Archive for The Passionate Friends

The Devil and T.R. Devlin

Posted in FILM with tags , , , , , , , , , , , , , , , , , , , on August 5, 2009 by dcairns

Or: WEAPONS-GRADE POMMARD.

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Was slightly perplexed by the Art Nouveau font, but now suspect it’s the film’s first suggestion that the audience should not approach this as a straight thriller.

At last, I have watched NOTORIOUS. The first theory I have formed is the theory about why I never watched it all the way through before: I was watching it as a thriller. Viewed in this way, the early scenes may seem unnecessarily lengthy and detailed, in need of ellipsis to get us to the suspense scenes faster. But this is an idiotic demand to place upon Hitchcock and Hecht, I now realise. NOTORIOUS is a relationship drama first and a thriller second. It’s an early expression of the theme of MARNIE: “Everybody’s a pervert,” only here, “Everybody’s a neurotic.”

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The inverted POV shot, first used by Hitch in DOWNHILL.

The opening scenes, which contemporary audiences would have had no trouble enjoying as romance, (im)pure and simple, without any foolish demands for thrill-sequences, set up Ingrid Bergman as Alicia Huberman, the hard-living wild child of a convicted Nazi, and Cary Grant as TR Devlin, the US agent in the employ of Ambassador Trantino, who recruits her to spy for the US. But apart from the mission, they set up the relationship and its in-built problems. Devlin’s moralistic disapproval of Alicia doesn’t go away when he falls in love with her, and it will colour his responses to all her actions, leading the pair into perilous straits, emotionally and in terms of real physical jeopardy. Later.

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NOT a good sign if Cary Grant brings you milk this early in a relationship. Fortunately, when the glass is moved, it no longer glows, and appears to be some kind of hangover cure concoction. No poisoning until later. Hitchcock sometimes seems to be playing with the idea that audiences might recognise some situations from SUSPICION.

The celebrated kissing scene should really be acclaimed in terms of its superb placing in the story, since it’s followed sharply by the come-down of Grant hearing about the mission and presenting it to Bergman as if he expects her to accept it — patriotically, he doesn’t feel he can talk her out of it, so he leaves the choice with her. She understandably resents him for this, while he in turn resents her for accepting the filthy task of wooing Claude Rains.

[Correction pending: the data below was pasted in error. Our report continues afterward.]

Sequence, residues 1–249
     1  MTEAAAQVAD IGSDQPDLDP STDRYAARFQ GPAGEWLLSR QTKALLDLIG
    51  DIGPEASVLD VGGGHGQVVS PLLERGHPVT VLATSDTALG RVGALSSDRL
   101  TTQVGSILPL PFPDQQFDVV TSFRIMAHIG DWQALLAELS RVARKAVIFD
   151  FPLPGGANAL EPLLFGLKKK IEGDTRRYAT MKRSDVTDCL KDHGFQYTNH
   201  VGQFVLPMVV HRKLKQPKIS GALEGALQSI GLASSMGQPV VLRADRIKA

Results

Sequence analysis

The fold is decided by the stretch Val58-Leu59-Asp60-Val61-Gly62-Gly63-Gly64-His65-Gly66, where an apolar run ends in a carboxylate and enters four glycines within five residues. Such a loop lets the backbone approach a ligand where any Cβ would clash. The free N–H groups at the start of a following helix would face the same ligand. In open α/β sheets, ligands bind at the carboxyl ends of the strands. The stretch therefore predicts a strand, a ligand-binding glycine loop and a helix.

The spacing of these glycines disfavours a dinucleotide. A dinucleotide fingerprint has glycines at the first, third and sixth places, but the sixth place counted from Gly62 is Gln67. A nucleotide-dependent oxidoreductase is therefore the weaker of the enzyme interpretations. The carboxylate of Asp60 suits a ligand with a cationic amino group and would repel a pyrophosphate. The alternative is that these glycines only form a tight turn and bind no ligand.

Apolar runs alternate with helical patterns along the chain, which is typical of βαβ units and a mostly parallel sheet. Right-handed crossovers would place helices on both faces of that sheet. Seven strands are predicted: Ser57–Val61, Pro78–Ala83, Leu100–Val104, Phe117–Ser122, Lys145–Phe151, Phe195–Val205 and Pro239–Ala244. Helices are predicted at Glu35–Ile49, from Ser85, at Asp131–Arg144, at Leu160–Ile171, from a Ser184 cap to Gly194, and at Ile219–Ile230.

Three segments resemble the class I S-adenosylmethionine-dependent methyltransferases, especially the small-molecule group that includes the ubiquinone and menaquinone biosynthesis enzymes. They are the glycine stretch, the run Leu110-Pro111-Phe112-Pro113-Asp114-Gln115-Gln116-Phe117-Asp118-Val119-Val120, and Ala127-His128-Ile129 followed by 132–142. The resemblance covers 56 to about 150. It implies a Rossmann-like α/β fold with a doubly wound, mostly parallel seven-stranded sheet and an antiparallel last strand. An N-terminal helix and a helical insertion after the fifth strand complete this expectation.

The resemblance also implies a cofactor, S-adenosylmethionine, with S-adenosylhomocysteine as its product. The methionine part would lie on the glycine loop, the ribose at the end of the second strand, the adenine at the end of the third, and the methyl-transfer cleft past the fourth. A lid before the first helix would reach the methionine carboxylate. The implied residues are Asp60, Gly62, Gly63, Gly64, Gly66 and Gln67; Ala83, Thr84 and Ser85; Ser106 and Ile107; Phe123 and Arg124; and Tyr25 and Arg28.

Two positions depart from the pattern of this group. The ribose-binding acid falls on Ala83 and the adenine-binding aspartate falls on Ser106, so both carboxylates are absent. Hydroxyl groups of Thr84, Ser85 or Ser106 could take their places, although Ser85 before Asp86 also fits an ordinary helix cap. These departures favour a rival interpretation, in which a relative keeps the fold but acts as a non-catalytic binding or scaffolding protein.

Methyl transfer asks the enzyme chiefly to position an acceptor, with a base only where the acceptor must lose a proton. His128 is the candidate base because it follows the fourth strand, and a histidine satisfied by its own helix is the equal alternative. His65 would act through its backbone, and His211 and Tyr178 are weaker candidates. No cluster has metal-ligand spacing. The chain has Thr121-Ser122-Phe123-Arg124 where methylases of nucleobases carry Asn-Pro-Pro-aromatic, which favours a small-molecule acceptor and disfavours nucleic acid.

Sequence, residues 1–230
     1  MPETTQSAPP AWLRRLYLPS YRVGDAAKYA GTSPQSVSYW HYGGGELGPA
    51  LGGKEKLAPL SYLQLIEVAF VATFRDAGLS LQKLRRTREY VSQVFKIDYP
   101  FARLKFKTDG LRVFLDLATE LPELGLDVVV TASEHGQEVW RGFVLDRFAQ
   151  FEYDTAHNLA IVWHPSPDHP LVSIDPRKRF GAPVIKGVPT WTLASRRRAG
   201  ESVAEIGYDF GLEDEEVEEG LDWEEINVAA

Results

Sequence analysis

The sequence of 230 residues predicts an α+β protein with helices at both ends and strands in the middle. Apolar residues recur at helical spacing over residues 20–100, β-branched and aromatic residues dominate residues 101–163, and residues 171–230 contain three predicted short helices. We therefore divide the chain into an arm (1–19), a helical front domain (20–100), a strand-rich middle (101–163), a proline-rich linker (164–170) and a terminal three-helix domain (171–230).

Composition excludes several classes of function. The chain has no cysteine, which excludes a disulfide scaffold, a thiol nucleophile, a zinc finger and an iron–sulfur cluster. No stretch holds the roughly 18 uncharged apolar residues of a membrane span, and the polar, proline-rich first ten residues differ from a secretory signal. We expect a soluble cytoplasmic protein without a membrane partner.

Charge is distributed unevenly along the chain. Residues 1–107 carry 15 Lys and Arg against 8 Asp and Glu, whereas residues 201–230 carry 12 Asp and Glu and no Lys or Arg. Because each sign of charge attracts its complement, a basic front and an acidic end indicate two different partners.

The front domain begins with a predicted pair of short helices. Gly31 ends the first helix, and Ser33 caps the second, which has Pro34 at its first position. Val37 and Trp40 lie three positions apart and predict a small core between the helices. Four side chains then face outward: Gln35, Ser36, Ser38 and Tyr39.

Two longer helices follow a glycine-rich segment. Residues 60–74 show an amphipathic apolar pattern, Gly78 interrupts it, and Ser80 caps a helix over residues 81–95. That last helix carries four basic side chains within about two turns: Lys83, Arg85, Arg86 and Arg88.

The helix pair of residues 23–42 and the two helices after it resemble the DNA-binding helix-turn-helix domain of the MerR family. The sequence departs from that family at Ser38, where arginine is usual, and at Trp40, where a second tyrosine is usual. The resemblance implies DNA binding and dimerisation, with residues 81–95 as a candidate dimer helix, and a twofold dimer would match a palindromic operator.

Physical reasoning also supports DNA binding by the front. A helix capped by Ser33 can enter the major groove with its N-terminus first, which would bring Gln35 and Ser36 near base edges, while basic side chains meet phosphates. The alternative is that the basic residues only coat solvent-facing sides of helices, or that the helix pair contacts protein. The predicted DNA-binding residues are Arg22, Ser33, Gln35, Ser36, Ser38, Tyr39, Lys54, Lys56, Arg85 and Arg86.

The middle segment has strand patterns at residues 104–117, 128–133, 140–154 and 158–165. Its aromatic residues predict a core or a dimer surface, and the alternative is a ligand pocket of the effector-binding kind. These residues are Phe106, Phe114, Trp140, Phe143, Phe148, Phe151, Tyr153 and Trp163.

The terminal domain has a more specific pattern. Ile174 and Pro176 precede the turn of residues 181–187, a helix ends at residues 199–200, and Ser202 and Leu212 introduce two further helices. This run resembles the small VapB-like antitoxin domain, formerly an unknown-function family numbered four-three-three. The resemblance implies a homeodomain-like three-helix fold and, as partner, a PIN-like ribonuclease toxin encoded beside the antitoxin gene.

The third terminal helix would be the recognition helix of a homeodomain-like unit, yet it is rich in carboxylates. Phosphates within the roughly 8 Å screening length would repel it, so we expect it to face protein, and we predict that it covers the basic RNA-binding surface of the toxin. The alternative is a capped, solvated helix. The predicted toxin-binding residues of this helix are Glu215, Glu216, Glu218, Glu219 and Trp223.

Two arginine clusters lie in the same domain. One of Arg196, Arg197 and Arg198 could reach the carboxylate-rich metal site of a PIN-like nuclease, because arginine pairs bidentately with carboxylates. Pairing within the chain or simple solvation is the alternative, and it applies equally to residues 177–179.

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All leading up to the beautiful deadened moment when Grant looks around for the Champagne bottle he’s left behind at his bosses office. Watching the film as a partial grown-up, I find this wine bottle more involving than the later ones filled with Uranium.

I was distracted during Claude Rains’ dinner scene by the fact that he seems to be either slightly drunk, or having trouble with his dentures. At any rate, there’s a mushy slur to his voice here which thankfully vanishes later. Now the movie becomes an adultery drama, like THE PASSIONATE FRIENDS only with spying — Ann Todd, that film’s star, would pop up in Hitchcock and Selznick’s next “collaboration.” Her scenes with Claude in David Lean’s movie feel almost like a non-thriller remake of the Hitchcock.

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And then there’s mom. Entering down a long flight of stairs, like Dracula, and marching into a big scary close-up, exactly like Christopher Lee’s DRACULA, Claude’s materfamilias, played by “Madame Konstantin,” is the second really nasty Hitchcock mother — for the first you have to go all the way back to EASY VIRTUE. This is not a constant figure in Hitchcock’s cinema, although critics like to harp on about it. But Madame K is so fierce, she does rather counterbalance the positive impression made by Patricia Collinge in SHADOW OF A DOUBT.

The real business now is adultery, not espionage. It’s slightly daft that the couple have so much trouble sneaking away together at the party, since all that’s needed is for Alicia to slip the wine cellar key to Devlin and point him at the door, then she could distract her husband and everything would be dandy. But this pair of love-birds really want to be together, the whole spying thing is practically an alibi for their elicit relationship. Indeed, if it weren’t for the atomic Nazi plot-line, the heroes’ behaviour would be completely unacceptable to the censor.

I seem to be racing through this one with undue haste — possibly because I don’t know it as well as others, but more likely because after my marathon session with THE DEVIL AND DANIEL WEBSTER, I’m a spent force. But I know you’ll all chip in with your thoughts to shore up this underweight post.

Amazing crane shot of key! Of course I’d seen this extract in many documentaries. In context, it’s interesting because it doesn’t add new information, or nothing that a regular establishing shot couldn’t add, but is a kind of stylistic flourish serving as an overture to the big party suspense scene. As Hitch said, it tells us that within this grand setting, a miniscule object will play a crucial role.